For Marcel Christopher Prince, It’s not about looking back; it’s all about looking into the future.
The 19-year-old, who was born and raised in Fort St. James, has overcome many health issues since being diagnosed with leukemia four years ago.
Treatment after treatment, his aunt, Bernice Wilkes, has seen her nephew go through so much since first being diagnosed.
“It’s been hard watching him go through this, but he is so strong, he’s a fighter,” Wilkes said.
Just this past August, Prince left Fort St. James suddenly due to severe pain in his abdomen.
He arrived at the Children’s Hospital in Vancouver shortly after.
According to family, they thought Prince might not make it through this time. His counts were low and the bowel infection continued causing serious pain.
And this wasn’t all.
Soon after, inflammation of the intestine persisted, pneumonia and then shingles.
“There was a moment when he told me that he doesn’t want to do this anymore,” Wilkes said.
“It hurt so much to hear this, to hear that he is ready to give up,”
Only Prince did not give up.
Today, Prince is residing at the Ronald MacDonald House in Vancouver. He has overcome all that has recently come his way.
“He’s bounced back and looks so healthy,” Wilkes said with a tearful smile. “All he has now is his chemotherapy treatments.”
“He’s even eating. His grandfather is making him lots of fish and moose. This is what he loves.”
Prince’s grandparents, Edna and Laverne Cameron, raised their grandson from birth.
“He was born with down syndrome. His grandparents dedicated themselves to raising him as normally as possible and in their traditional ways,” Wilkes said.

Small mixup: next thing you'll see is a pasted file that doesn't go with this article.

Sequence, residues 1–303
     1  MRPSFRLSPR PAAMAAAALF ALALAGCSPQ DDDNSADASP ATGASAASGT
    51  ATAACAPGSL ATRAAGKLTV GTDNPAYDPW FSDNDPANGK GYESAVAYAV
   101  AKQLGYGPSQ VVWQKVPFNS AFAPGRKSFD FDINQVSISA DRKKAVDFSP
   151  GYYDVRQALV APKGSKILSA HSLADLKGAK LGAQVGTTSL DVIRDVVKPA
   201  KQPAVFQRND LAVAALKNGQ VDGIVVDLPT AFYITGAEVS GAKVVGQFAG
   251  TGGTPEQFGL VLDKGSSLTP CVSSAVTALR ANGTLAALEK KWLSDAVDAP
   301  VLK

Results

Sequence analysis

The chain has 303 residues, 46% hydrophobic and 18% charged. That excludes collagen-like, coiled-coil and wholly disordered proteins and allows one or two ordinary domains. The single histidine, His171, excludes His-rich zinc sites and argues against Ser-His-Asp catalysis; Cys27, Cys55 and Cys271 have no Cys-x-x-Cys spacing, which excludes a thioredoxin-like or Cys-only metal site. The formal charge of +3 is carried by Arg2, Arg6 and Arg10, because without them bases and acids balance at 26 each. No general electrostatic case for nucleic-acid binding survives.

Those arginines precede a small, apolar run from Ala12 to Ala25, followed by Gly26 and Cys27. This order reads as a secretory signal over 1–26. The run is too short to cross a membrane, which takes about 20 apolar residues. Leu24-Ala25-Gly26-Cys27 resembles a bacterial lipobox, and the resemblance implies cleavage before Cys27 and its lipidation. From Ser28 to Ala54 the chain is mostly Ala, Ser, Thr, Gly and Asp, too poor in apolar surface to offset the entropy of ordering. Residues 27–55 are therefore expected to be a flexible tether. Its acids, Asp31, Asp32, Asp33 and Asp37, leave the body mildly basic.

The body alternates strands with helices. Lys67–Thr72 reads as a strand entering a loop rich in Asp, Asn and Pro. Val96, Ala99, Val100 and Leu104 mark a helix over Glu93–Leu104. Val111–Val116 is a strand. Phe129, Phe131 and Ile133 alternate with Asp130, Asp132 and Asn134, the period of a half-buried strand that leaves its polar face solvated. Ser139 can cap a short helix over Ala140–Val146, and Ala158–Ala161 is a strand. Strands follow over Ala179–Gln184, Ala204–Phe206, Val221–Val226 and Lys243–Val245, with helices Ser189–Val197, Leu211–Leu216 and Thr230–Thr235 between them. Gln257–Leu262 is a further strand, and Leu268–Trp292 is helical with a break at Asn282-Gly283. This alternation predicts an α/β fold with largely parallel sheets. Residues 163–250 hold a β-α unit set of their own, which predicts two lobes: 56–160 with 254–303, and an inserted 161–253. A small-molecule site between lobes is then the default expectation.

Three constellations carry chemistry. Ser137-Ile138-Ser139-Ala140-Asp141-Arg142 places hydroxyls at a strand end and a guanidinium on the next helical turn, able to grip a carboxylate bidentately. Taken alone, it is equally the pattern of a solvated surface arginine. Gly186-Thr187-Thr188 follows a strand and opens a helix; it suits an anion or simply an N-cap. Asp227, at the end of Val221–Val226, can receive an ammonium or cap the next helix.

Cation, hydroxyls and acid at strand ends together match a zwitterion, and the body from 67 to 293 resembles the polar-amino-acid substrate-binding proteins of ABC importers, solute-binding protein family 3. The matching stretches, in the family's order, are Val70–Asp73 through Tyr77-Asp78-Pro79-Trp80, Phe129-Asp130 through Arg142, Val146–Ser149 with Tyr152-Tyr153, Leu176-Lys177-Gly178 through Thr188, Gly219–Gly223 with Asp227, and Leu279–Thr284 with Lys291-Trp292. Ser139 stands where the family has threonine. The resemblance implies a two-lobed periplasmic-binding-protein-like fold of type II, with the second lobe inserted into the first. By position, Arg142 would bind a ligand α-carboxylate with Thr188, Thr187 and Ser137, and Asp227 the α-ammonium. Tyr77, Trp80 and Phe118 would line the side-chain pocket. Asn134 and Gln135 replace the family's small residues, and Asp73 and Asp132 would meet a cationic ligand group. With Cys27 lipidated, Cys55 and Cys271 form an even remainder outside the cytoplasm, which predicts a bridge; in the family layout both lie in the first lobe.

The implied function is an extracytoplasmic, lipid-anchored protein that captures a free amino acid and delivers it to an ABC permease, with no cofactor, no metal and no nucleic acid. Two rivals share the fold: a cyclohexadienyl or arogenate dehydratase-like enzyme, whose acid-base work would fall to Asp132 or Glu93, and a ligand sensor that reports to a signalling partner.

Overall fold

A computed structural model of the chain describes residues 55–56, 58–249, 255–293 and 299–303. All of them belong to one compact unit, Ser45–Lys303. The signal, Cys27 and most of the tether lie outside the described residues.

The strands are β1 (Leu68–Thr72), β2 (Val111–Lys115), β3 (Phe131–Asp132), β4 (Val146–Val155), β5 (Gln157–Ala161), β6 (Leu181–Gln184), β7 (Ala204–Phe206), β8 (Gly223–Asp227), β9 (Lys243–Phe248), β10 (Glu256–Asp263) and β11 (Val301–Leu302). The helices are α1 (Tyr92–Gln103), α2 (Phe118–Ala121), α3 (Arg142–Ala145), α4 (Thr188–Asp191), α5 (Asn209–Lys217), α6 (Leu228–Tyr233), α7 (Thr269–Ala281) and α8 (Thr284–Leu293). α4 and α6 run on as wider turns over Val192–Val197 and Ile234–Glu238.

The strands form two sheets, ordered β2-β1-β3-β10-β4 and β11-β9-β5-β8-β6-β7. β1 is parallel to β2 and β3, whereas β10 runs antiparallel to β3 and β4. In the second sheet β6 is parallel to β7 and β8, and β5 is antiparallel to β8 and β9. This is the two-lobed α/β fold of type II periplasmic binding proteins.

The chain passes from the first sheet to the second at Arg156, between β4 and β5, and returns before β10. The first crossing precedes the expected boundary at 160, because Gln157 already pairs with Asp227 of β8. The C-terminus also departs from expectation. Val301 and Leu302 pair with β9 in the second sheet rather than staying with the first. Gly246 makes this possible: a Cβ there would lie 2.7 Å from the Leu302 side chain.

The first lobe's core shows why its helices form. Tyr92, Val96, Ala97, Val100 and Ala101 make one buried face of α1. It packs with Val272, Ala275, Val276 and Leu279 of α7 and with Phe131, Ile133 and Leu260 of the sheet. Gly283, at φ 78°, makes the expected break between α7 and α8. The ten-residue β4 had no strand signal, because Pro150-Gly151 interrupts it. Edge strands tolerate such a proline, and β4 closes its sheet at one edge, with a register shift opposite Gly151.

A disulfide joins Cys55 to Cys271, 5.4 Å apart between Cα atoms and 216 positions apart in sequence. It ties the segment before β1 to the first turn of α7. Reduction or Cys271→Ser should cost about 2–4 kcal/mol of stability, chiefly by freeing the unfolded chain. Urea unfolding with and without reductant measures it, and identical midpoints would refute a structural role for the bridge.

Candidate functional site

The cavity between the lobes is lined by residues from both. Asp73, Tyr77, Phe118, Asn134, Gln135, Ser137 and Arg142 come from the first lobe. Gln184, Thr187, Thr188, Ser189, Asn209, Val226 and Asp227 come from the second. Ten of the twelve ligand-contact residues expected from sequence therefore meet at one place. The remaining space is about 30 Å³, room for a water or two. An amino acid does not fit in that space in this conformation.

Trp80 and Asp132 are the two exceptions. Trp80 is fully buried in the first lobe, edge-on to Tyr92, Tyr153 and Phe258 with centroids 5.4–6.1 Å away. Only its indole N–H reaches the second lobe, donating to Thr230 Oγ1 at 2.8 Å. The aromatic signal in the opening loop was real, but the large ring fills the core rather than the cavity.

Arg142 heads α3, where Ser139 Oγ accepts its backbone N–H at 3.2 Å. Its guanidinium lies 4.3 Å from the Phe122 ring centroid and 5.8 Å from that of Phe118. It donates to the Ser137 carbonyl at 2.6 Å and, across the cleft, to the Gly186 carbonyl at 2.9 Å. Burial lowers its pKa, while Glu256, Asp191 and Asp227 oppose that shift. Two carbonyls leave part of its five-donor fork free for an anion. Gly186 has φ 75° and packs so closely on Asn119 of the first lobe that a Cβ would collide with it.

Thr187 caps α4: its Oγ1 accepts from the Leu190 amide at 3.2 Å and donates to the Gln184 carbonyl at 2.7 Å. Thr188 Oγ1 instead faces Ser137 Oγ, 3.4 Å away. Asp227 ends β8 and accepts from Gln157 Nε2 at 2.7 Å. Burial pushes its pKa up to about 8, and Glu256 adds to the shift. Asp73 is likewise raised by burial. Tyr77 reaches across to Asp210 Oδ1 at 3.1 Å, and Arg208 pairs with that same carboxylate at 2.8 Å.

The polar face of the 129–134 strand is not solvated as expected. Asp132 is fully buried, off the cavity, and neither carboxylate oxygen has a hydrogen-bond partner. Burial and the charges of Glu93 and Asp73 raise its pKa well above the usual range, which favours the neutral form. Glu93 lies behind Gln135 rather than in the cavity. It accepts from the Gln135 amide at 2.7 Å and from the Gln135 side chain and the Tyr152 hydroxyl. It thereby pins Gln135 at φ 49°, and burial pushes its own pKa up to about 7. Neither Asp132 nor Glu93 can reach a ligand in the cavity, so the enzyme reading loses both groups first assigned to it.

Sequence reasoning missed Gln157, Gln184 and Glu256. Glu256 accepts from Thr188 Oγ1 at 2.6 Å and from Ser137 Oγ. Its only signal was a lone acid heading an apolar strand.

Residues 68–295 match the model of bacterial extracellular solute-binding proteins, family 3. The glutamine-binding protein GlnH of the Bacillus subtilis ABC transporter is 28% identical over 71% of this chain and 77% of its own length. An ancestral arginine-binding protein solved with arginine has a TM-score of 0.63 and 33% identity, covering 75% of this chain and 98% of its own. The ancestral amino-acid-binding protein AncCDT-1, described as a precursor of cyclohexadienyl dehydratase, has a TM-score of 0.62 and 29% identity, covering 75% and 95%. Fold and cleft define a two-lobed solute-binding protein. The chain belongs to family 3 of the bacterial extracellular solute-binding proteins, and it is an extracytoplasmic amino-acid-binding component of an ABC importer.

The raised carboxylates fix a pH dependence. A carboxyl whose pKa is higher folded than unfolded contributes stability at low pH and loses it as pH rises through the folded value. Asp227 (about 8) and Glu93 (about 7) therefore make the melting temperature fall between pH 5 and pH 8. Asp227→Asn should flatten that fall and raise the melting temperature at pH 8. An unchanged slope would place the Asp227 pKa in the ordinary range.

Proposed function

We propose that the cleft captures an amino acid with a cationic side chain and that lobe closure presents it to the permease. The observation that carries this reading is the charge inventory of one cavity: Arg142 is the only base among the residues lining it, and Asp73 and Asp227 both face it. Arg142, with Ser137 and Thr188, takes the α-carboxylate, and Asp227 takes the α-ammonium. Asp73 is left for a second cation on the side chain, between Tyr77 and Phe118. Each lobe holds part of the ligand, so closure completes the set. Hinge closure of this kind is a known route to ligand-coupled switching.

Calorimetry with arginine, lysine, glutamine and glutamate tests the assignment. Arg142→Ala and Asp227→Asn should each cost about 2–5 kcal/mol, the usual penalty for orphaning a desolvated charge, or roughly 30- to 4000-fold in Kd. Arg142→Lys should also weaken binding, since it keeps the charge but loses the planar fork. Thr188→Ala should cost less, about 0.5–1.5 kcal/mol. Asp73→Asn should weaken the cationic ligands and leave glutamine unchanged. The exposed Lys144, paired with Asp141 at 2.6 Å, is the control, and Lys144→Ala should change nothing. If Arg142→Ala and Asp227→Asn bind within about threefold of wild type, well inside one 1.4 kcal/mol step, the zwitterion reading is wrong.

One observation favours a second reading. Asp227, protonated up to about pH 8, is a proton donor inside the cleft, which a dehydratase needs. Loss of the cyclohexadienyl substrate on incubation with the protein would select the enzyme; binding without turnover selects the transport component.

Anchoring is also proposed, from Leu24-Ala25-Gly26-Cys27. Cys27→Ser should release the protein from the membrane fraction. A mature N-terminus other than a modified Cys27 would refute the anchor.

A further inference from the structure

And tradition and family is what Prince loves most.
“Oh, and baseball, he loves baseball,” his aunt quickly adds.
Recently, Prince received a visit form the local baseball team from Nak’azdli Band who arrived in Vancouver bearing a first place trophy to present to Prince.
“He was in heaven,” Wilkes said. “He loves them so much.”
Prince has always been part of the team wearing his uniform and making sure all are ready to play before each game.
“You would think he was the coach,” Wilkes said.
Despite all that Prince has gone through, his main concern has always been with his family and friends.
“He’s always worried about everyone else,” Wilkes said.
“This is what makes him so special. He has unconditional love for everyone.”
And according to Wilkes, it’s also his faith that keeps Prince so strong.
“He’s a true believer in his faith. He always carries his rosary and asks everyone to pray for him.”
Prince will be staying at the Ronald McDonald House in Vancouver until May, 2017 and plans are in the works to have chemotherapy treatments transferred to Prince George.
“It’s a while away but he’s already so excited about coming home,” his aunt said.
“Marcel, he never looks back at what’s happened. He only moves forward,” Wilkes said.
His family is so thankful for all of the support received from the community as fundraising will continue to cover costs including travel, food and accommodation.
“The community has helped so much,” Wilkes said. “No words can describe what they have done for us as a family.”